Alabama’s public school students are struggling with the new annual standardized test required by the Alabama State Department of Education, judging by recently released results for the 2014-2015 school year.
Though annual testing isn’t new, the ACT Aspire, first administered during the 2013-2014 school year, is. The test is given to students in third through eighth grade in math and reading, and in fifth and seventh grades in science.
Statewide, of the six grades tested, only in third grade were more than half the students proficient in math; in no grade were more than half the students proficient in reading. (See full report on reading and math test scores in charts at conclusion of this story.)
(1) The ACT Aspire is a more difficult and a different type of test than the test previously used to annually measure student learning.
The Alabama Reading and Mathematics Test (ARMT), developed by educators in Alabama, was given annually beginning in 2005 and retired in 2013.
ARMT results showed between 80% and 85% of Alabama’s students were proficient, though the gold standard test, the National Assessment of Educational Progress (NAEP), showed barely 20% of Alabama’s students were proficient.
(2) Standardized test results across the country in the 2014-2015 school year show a much lower percentage of children proficient in math and reading than in previous years.
Education Week recently published a compilation of all available state standardized test results and the names of the tests that were used. States using their own tests (19 states) scored at higher proficiency rates than states using either the Partnership for Assessment of Readiness for College and Careers test (11 states plus the District of Columbia) or SmarterBalanced (18 states).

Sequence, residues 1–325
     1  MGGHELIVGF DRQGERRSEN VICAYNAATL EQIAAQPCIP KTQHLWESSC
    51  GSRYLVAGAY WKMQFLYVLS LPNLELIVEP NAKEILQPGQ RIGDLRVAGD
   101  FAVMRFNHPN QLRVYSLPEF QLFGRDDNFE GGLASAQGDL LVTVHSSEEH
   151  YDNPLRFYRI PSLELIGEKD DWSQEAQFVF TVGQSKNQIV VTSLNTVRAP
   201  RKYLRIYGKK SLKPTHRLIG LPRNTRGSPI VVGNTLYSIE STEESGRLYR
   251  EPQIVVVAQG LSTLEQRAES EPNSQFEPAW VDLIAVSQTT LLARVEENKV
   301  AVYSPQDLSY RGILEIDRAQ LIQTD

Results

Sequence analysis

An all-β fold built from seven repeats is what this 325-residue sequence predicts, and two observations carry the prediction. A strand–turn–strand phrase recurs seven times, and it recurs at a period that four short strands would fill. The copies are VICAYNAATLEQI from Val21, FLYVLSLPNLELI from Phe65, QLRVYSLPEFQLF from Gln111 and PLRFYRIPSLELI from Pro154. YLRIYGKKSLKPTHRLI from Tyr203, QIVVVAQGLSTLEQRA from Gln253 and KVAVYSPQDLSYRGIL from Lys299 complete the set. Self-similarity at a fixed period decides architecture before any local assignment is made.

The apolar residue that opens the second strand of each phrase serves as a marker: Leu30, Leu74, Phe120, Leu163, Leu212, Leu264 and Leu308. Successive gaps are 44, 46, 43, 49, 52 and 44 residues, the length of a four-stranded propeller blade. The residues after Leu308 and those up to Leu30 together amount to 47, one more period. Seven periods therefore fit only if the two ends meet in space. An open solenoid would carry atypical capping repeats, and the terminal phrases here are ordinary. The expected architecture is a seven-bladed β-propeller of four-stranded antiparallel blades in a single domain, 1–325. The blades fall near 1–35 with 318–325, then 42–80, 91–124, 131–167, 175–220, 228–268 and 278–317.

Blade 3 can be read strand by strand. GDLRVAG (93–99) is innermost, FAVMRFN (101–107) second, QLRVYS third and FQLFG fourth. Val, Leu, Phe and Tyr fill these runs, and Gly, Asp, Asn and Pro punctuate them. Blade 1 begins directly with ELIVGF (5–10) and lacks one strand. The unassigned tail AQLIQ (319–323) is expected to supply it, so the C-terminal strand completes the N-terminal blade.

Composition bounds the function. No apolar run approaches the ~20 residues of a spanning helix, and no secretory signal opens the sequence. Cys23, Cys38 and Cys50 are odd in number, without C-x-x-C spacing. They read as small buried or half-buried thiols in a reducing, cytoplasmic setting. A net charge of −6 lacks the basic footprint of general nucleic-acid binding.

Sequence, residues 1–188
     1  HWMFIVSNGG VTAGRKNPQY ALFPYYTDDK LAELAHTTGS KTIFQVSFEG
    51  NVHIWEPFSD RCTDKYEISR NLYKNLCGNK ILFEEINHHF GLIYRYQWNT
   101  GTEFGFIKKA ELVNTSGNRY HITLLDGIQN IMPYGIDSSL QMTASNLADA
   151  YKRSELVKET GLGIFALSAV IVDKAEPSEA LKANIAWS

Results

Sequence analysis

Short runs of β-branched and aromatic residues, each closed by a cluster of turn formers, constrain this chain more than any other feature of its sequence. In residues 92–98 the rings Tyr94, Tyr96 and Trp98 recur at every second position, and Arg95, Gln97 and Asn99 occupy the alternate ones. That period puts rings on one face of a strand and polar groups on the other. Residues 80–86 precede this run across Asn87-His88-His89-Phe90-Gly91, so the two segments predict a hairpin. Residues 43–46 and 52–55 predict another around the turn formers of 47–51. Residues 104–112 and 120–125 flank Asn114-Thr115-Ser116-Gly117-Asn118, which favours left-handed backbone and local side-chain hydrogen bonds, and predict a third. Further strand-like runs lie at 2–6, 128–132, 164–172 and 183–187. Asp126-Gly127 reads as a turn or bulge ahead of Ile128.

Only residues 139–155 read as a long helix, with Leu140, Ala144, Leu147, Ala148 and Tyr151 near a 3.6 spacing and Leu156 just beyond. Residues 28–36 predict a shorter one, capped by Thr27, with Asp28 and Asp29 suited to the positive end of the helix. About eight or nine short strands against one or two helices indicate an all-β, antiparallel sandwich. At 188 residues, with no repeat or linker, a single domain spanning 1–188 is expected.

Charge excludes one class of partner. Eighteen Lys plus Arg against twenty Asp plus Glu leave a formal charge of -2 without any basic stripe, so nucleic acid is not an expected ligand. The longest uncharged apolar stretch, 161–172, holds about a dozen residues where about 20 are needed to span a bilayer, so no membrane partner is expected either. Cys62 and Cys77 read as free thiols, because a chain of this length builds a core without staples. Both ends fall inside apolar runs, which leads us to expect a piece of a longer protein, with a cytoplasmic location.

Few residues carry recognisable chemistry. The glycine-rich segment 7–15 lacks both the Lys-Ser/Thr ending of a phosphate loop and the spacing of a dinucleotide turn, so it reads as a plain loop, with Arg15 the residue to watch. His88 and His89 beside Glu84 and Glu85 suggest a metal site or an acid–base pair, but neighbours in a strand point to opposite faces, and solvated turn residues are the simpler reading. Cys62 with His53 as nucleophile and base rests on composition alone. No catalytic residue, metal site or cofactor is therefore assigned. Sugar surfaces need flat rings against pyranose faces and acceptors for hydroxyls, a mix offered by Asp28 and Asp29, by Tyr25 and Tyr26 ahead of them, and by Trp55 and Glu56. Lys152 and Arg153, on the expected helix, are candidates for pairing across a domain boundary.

States that switched to PARCC or SmarterBalanced saw their proficiency scores drop, in many cases as dramatically as Alabama’s did from the ARMT to the ACT Aspire.
PBS NewsHour recently took a look at results across the country and found that states that moved to new tests were faced with a tough reality. Ohio ultimately decided to use a lower passing score on the PARCC, which raised their proficiency rates. Ohio’s legislature responded by banning schools from using the PARCC test in the future.
(3) Nationally, NAEP results were down in math, and remained flat in reading.
Alabama has historically been in the bottom tier of states for NAEP results, and this year’s results proved no different.
NAEP results, released a month ago, showed a decline in Alabama’s actual scale scores, but those declines were not deemed statistically different from the 2013 results.
NAEP tests a sample of students statewide in grades 4 and 8 in the subjects of English and math every two years. About 2,100 Alabama students in each of those grades took the NAEP in 2015. 110 schools participated in 4th grade assessments and 90 schools participated in 8th grade assessments.
(4) The total time taken on state-mandated annual standardized testing has dropped significantly.
The only Alabama state-mandated tests are in reading and math in third through eighth grade, and in science in fifth and seventh grades.